Wednesday, March 31, 2021

Young Tiger (1973)

Before Jackie Chan was a megastar, he was like any other jobbing actor. He'd take any gig that paid well, and he had quite a few minor parts, before the studios realised they could have a new leading man on their hands. After which they promptly began making him into the next Bruce Lee. It's our luck that Chan sought to be unique, and instead of another copy, we got the world's next martial arts icon in earnest. And what happens when a new icon has a dozen minor roles to his name? Why, cash-in releases making it out like he's the star, of course!...

When a young woman dies in Chin-Chen's taxi after being pursued by gangsters, a series of events are set into motion. Before dying, the woman hid something in Chin-Chen's cab, and the gang keep harassing him for it. While he may not know what they're looking for, he's not going to take it lying down, and fights back, together with his colleagues, and a roving police woman...

Young Tiger, more appropriately known as Police Woman, and hilariously as Rumble in Hong Kong, is a fairly serviceable Hong Kong crime flick. It's a cheap and low-rent movie, but there's nothing egregiously bad about it as far as chopsocky cinema goes. Obviously you should never seek it out, not when there are so many amazing movies out there, but there is worse.

Chin-Chen is an alright protagonist, and his friends are ok. I felt sorry for their boss. He's just trying to run a business, but all his cabbies keep going rogue to bust crime syndicates! Look, I know you all wanna make a difference, but maybe do it off the clock?

Young Tiger's more peripheral hero (and bearer of the original title) is police woman Ho Wai-ma. She kicks ass, gets results, and makes for a much better protagonist! I wish she had've gotten more to do. It's half an hour before she appears consistently, but thankfully she's a constant presence by the last act. I quite liked the friendship she strikes up with the crime lord's druggie woman, initially sent as a spy. It was a sweet and well-portrayed relationship, even though it comes late in the picture.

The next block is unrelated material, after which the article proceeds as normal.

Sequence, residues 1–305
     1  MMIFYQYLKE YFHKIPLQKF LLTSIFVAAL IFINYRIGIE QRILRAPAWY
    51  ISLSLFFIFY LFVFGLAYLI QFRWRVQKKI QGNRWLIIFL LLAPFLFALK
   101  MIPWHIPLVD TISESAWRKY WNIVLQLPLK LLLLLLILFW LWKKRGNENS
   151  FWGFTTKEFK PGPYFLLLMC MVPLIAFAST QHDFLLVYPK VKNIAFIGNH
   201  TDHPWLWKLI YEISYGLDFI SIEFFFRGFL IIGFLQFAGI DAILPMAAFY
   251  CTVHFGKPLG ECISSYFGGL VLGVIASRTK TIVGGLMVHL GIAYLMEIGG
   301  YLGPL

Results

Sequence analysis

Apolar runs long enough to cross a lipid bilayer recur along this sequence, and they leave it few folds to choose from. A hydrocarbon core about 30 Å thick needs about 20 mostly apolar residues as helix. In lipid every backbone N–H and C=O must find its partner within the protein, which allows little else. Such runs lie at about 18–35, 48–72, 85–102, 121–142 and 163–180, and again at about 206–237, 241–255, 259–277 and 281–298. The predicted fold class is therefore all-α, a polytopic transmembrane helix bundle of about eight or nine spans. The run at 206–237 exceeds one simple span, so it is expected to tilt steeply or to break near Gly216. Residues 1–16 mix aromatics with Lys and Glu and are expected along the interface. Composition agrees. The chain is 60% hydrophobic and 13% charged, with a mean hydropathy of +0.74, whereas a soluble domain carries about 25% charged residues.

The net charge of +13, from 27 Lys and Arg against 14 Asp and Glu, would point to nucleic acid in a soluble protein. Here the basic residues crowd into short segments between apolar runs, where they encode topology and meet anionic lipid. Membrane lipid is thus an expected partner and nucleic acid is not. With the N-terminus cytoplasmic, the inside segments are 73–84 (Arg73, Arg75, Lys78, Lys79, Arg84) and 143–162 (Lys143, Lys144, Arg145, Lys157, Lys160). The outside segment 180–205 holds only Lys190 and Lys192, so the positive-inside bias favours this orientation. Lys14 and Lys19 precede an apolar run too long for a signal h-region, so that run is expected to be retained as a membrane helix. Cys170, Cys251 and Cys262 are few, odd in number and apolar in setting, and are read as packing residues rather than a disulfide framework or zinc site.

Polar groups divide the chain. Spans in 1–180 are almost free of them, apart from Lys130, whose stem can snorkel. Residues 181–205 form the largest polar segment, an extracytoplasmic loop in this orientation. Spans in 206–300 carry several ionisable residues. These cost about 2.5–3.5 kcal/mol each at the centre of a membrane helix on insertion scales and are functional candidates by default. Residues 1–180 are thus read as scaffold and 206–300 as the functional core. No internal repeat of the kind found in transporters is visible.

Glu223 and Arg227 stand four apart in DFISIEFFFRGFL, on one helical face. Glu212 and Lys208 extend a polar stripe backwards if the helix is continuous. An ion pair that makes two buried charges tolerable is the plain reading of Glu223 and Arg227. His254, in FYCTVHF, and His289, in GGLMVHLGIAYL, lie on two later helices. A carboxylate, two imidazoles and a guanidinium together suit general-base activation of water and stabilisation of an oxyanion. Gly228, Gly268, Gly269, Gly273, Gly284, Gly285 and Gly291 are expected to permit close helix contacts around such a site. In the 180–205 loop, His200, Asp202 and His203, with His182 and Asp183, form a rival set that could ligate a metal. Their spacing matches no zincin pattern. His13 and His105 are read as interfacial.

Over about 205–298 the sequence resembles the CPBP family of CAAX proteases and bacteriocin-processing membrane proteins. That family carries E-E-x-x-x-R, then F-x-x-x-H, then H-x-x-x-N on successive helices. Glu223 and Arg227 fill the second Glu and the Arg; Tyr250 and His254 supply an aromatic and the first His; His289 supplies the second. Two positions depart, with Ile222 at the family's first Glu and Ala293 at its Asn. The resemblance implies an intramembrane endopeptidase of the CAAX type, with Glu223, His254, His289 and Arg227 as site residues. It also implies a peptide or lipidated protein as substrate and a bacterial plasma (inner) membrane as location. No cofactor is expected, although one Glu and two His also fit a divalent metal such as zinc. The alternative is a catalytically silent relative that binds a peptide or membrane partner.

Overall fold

The villains are typical gangsters. Little substance, which can be fine in a movie like this, as long as they're fun. They're a bit on the dull side here, but not horrible. The most notable thug is Jackie Chan's character, not because he has a particularly big role, but because of the absurdly large mole on his face! It's distracting, and when the hero does comment on it, the police responds by saying "So what? Lots of men have got moles." Not the size of a bloody pikelet though! 

The worst scene (or best, depending on your enjoyment of corny drivel, or opinion regarding society's ills), is when Chin-chen and his fellow taxi drives have a discussion about what's wrong with kids these days. The scene is so overly preachy and un-subtle, heavily blaming books and films for having a bad effect on the morals of 'today's' youth. Hey, I resent that! Also I feel it's a little rich when a crime movie is moralising about how crime movies are responsible for corrupting the youth.

The main message of the movie is actually a decent one, about how it's up to us to help make a change in the world, rather than just go on by and ignore anything rotten. That only a contributing effect can cause any lasting change. Which is a good message to teach. A shame the rest is so hamfisted.

There's some other amusingly corny dialogue here too, such as the whole 'pregnancy' exchange, or the golden line "You're not a nice person. If that's what you were, why all the bodyguards? And the secret tunnel, and hidden doors? Nice people don't have those".

The action here is fairly basic. It's watchable stuff, and I did enjoy a couple of scenes, mainly due to the setting. Jackie Chan's involvement is minimal. He throws a few punches in a couple of scenes, and that's it. You wouldn't expect any more from a supporting gangster, but it is amusing considering where he'd soon be.

The cast is likewise fairly standard, but beyond Chan there are a few familiar faces of Honk Kong cinema, including a young Yuen Qiu! You may know her as the landlady from Kung Fu Hustle, and she kicks a good amount of ass here!

Lastly, the music is nothing to write home about, except for one track! It's a nice melody, even if it is cut short when it garbles out of existence. Apparently it's an existing song (who would have guessed) called The Rising of the Moon.

Overall, Young Tiger isn't a great movie as far as 70s HK kung fu is concerned, but for what it is, it ain't half bad, and worth checking out as a brief popcorn flick...

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